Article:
Interpreting Sleeping Beauty

Telling our cultural stories is one thing; interpreting them is quite another.  In the highly acclaimed ‘12 Rules for Life’ by Jordan Peterson, in the chapter (or ‘Rule 5’) entitled ‘Do Not Let Your Children Do Anything That Makes You Dislike Them’ (ahem – note to self), Peterson offers a compelling hermeneutic for the classic Fairy Tale

of Sleeping Beauty, which he first taught in his Biblical Series IV: Adam and Eve: Self-Consciousness, Evil, and Death,” a small clip of the video is linked in below, but for now here’s the text:

220px-12_Rules_for_Life_An_Antidote_to_Chaos_book_cover“In the Disney movie Sleeping Beauty, the King and Queen have a daughter, the princess Aurora, after a long wait.  They plan a great christening, to introduce her to the world.  They welcome everyone who loves and honours their new daughter.  But they fail to invite Maleficent (malicious, malevolent), who is essentially Queen of the Underworld, or Nature in her negative disguise.  This means, symbolically, that the two monarchs are overprotecting their beloved daughter, by setting up a world around her that has nothing negative in it.  But this does not protect her.  It makes her weak.  Maleficent curses the princess, sentencing her to death at the age of sixteen, caused by the prick of a spinning wheel’s needle.  The spinning wheel is the wheel of fate; the prick, which produces blood, symbolizes the loss of virginity, a sign of the emergence of the woman from the child.

Fortunately, a good fairy (the positive element of Nature) reduces the punishment to unconsciousness, redeemable with love’s first kiss.  The panicked King and Queen get rid of all the spinning wheels in the land, and turn their daughter over to the much-too-nice good fairies, of whom there are three.  They continue with their strategy of removing all dangerous things – but in doing so they leave their daughter naïve, immature and weak.  One day, just before Aurora’s sixteenth birthday, she meets a prince in the forest, and falls in love, the same day.  By any reasonable standard, that’s a bit much.  Then she loudly bemoans the fact that she is to be wed to Prince Philip, to whom she was betrothed as a child, and collapses emotionally when she is brought back to her parents’ castle for her birthday.  It is at that moment that Maleficent’s curse manifests itself.  A portal opens up in the castle, a spinning wheel appears, and Aurora pricks her finger and falls unconscious.  She becomes Sleeping Beauty.  In doing so (again, symbolically speaking) she chooses unconsciousness over the terror of adult life.  Something existentially similar to this often occurs very frequently with overprotected children, who can be brought low – and then desire the bliss of unconsciousness – by their first real contact with failure or, worse, genuine malevolence, which they do not or will not understand and against which they have no defence.”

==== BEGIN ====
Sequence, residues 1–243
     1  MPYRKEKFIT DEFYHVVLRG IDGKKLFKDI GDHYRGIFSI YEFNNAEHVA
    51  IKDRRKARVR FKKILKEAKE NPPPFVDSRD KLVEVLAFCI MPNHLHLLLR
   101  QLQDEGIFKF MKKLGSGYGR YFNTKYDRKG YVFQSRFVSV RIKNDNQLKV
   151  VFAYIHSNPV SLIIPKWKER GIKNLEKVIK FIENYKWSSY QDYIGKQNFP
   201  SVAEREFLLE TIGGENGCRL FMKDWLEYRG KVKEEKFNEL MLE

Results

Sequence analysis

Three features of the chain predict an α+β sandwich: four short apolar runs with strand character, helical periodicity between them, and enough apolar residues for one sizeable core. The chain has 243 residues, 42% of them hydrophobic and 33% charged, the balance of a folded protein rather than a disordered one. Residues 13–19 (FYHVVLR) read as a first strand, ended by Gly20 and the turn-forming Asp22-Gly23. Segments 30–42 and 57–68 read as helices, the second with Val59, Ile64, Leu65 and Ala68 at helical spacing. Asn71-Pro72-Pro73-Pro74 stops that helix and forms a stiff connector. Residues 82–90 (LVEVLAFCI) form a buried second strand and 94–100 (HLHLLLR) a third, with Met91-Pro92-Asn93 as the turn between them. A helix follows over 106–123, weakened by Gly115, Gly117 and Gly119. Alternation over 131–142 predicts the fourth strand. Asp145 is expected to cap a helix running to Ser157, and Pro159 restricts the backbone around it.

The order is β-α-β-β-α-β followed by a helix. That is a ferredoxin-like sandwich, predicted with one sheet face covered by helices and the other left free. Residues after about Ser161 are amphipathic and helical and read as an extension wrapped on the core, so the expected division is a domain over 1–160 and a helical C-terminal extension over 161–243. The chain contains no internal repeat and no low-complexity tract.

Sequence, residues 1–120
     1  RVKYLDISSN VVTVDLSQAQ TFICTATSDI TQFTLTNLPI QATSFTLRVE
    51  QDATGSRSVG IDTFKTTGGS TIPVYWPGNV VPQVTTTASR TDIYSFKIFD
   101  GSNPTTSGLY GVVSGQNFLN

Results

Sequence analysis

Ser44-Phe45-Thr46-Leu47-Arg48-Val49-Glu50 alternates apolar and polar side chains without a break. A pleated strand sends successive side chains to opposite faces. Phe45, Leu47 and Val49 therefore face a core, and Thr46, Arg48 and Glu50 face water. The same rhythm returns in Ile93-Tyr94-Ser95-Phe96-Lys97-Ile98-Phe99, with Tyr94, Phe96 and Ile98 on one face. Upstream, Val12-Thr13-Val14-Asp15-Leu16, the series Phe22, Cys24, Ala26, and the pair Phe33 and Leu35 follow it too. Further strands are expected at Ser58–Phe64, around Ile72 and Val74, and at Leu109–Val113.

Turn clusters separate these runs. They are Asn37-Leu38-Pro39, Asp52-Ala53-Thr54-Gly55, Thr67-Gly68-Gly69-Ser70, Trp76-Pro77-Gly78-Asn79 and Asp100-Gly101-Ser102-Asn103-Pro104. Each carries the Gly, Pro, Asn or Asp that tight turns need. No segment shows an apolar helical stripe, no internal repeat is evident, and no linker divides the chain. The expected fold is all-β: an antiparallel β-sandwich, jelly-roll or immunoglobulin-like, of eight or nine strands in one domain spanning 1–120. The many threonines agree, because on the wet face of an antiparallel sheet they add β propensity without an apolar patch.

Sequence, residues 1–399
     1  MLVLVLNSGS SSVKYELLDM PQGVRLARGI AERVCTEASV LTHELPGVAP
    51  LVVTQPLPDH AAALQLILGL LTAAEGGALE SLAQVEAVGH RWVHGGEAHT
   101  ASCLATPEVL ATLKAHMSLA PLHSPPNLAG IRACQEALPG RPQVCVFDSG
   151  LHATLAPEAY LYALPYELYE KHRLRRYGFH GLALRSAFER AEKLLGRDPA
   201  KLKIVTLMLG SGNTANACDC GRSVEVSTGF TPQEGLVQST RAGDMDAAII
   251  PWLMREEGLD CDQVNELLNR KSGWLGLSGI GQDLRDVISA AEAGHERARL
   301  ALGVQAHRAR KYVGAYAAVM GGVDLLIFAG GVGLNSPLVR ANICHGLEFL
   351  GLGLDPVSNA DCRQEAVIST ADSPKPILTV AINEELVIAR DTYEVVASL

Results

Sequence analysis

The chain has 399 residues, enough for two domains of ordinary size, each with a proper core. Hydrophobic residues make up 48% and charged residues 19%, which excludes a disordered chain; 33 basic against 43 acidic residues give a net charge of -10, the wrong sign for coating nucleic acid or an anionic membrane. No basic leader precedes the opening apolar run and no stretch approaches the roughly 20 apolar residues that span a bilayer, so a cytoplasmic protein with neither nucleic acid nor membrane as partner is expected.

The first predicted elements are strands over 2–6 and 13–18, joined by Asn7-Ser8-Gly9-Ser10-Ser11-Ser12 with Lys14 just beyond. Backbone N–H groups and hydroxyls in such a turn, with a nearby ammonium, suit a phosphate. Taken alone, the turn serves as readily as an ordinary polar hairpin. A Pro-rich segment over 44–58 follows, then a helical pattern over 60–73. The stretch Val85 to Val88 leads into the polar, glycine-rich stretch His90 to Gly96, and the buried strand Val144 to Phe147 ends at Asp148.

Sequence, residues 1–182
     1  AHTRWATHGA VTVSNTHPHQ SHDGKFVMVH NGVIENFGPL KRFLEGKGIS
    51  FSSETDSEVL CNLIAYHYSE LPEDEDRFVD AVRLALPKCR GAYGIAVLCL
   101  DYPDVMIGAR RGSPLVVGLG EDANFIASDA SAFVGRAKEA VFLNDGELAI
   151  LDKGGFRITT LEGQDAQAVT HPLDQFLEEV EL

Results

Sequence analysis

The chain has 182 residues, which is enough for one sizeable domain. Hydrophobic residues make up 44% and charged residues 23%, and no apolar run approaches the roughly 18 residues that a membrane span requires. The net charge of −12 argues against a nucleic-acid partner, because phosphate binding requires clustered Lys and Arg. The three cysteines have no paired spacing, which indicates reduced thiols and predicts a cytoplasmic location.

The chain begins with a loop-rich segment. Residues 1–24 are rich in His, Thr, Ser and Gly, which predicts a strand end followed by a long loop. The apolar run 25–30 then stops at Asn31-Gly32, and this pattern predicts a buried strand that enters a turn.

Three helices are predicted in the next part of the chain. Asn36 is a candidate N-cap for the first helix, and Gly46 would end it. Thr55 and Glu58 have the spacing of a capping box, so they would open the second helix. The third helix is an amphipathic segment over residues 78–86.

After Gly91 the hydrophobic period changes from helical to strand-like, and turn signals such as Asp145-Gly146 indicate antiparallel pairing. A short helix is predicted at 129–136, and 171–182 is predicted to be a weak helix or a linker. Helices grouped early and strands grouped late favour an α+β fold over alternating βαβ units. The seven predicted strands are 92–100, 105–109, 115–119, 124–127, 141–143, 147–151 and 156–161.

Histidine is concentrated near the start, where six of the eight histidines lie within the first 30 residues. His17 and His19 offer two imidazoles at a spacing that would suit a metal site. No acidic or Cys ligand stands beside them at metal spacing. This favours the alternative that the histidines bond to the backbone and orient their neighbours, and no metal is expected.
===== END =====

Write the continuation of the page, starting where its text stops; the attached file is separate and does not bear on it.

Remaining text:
12 Rules, pg. 132-133

Peterson goes on to “apply” this Sleeping Beauty fairy tale into a concrete example for us today.  We are invited to imagine a three-year old (the older a child gets the more gross this deficiency in behaviour becomes), who simply has never leaned to share, because the parents are, for whatever reason, “too nice to intervene” – a litotic way of saying they’re also too damn lazy and/or horrible!

This scenario develops over the years into parent-child conflict, child-to-child conflict, parent-to-another-parent conflict, and no doubt a goodly does of marital conflict.  The end result for the sweet darling being social isolation, inability to make or hold friends, social awkwardness leading to rejection, misbehaviour and all related depression and anxiety entailements.  This is where the “little brat” opts for unconsciousness (the “sleep of the naïve and damned”) over and against real life.  No doubt she’s met a few little pricks along the way that have “nurtured” her behavioural deficiency along the way.

Anyway, the book is a great read so far (review soon probably), and the chapter heading, as are all this others, is supremely practical if not damn well obvious:  Rule 5:  Do Not Let Your Children Do Anything That Makes You Dislike Them.

Top Tip:  Interpret our culture’s stories and help our kids to interpret themselves and the world around them!

 

 

 

The full version:

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